LANGSTON HUGHES Theatre
By Frank Bach
It’s one o’clock and there isn’t much happening on a darkened Livernois Avenue this chilly Thursday morning in Detroit. Inside Langston Hughes Theater at the corner of Davison, however, there is considerable life. The musical “Season’s Reasons” by internationally-known playwright Ron Milner, has just opened last week; and this morning Milner and the entire cast (over thirty people in all) are finishing a final tune-up that has become a four hour-plus rehearsal.
The cast has gone through the entire play, with Ron giving enthusiastic, exacting criticisms and words of advice and encouragement. As they put the finishing touches on the finale, you kind of expect that they will grab their coats and make it as fast as their weary bodies will take them to wherever they’ve got to go at one in the morning.
Instead of doing this, however, when it’s all over they all return to the stage and form a loose circle, facing inwards, each person holding hands with the people next to them. And in this way, everybody holding, hands, they proceed to quietly discuss and criticize their play and their plans for the night’s performance for another half hour or so.
Certainly, this is an example of exceptional energy and dedication. But those who have been fortunate enough to check out the scene developing at The Hughes Theater say that the exceptional and extraordinary, in terms of commitment and talent anyway, are actually going to be quite typical at the recently-opened showplace.
“The theater is the center of the community,” says Milner, and the community represented at the Langston Hughes seems to be quite an outstanding one indeed. A quick survey of people currently involved in the Hughes and/or productions there immediately turns up folks the stature of:
* Milner, whose last play, What the Wine Sellers Buy, opened at New York’s Lincoln Center and recently broke attendance records at Detroit’s Fisher Theater. Ron’s upcoming work includes another play to open in New York and a film that will star Gladys Knight.
* Ed Vaughn, owner of both The Hughes and Vaughn’s Bookstore on Dexter, “America’s Oldest Black Bookstore.” Just like its motto says, Vaughn’s was the first place black literature of all types could be purchased and is, therefore, one of the original gathering places for liberation-minded people in the Motor City.
* Both Irma Franklin and Carolyn Franklin, sisters to soul queen Aretha Franklin. Irma is featured in Season’s Reasons, and Carolyn writes a song for a children’s musical also playing at The Hughes.
* Val Benson and partner Obie Benson, who sings with The Four Tops. Val wrote and directed the children’s play, Little Red; Obie provided several tunes.
* Kim Weston, who stars in Little Red. Ms. Weston sang with Marvin Gaye and was a star with Motown in the sixties. Now she’s a disc jockey at WCHB, as well as musical director for Chuck Lowman’s Westside Club.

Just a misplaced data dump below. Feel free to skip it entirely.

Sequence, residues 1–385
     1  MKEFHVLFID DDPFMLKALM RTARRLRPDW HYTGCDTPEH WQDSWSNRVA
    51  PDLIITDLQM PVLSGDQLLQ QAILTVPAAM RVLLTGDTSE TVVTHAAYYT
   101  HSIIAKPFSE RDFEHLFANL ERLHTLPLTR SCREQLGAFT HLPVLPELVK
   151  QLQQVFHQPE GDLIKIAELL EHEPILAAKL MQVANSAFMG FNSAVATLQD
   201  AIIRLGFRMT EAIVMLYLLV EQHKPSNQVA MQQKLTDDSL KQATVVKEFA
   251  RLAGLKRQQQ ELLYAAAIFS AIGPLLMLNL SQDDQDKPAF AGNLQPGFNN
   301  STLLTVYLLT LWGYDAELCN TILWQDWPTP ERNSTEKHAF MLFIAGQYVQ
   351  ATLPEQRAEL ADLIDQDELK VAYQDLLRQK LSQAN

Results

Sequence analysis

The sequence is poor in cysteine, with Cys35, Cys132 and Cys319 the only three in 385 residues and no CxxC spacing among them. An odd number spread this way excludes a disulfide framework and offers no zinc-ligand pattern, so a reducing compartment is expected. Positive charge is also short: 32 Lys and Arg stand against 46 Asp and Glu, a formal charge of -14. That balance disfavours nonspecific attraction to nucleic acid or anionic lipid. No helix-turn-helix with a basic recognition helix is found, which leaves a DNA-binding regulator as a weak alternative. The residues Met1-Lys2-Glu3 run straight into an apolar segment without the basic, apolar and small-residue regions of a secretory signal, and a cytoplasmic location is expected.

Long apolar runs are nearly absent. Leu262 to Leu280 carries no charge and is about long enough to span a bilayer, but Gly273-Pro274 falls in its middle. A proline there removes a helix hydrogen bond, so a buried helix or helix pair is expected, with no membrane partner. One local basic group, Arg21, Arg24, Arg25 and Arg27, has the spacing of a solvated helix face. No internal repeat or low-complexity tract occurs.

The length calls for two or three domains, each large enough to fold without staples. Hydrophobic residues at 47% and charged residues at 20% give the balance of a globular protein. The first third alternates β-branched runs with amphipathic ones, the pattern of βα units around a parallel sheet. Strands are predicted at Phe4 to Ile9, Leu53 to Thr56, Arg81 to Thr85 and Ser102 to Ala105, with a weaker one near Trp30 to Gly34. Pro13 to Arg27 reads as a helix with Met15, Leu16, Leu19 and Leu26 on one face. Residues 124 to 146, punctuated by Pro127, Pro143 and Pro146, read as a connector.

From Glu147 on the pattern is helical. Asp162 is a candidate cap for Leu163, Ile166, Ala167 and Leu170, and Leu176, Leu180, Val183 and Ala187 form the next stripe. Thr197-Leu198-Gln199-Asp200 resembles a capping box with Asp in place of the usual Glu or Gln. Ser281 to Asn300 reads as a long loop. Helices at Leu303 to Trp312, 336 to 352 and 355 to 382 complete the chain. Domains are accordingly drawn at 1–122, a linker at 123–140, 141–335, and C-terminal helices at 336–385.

And, don’t forget – The Langston Hughes Theater only opened last month. Still to come are:
* Films, of a wide variety, particularly those not usually seen at commercial theaters. Example: the world premiere of Kwacha: The Struggle for Angola, held at the Hughes August 23. In the works are more African films, a festival of black films of the thirties, reggae films and other music and art films.
* Speakers and poets, generally whoever community members seek to offer. For instance, black historian Dr. Yoseph Ben-Jochannan speaks December 28 at a Students’ Rights Awards Program to be held at The Hughes.
* Concerts, parties and other community events people and groups will be sponsoring at The Hughes on nights it’s available.
It is true that very few people have even heard of the Langston Hughes Theater. Nevertheless the place gives one the feeling it could easily be crowded and quite successful, consistently and for a long time-barring any unforeseen disasters. The community it is in may be economically poor, but culturally it is rich, and the theater’s roots in it are deep.
“This place was abandoned tor three years – junkies used to crash in it.” says Hughes owner Ed Vaughn, motioning around what is now a clean, cheery lobby. “There were mattresses, dirt, dead rats, dead cats. . . when the realtor showed me the place he took me to the door and said, ‘Go ahead in and have a look, ’cause l’m not going in there. . .’”
The Hughes Theater building used to house the Studio One Theater, a place which in the sixties was the first of what became a chain of Detroit art theaters. As the neighborhood changed from white to black, however, the art theater became a porno spot, and finally it was closed to all but the junkies.
Then Ed Vaughn bought the building and, together with his children, cleaned it out and started to fix it up. Vaughn had opened his black bookstore 13 years before and, despite being burned out by members of the Detroit Police Department during the 1967 riots, had survived and – to a degree – prospered. Now he wanted to open a theater that showed a wide variety of definitive black films – just as his bookstore had the definitive catalogue of black literature.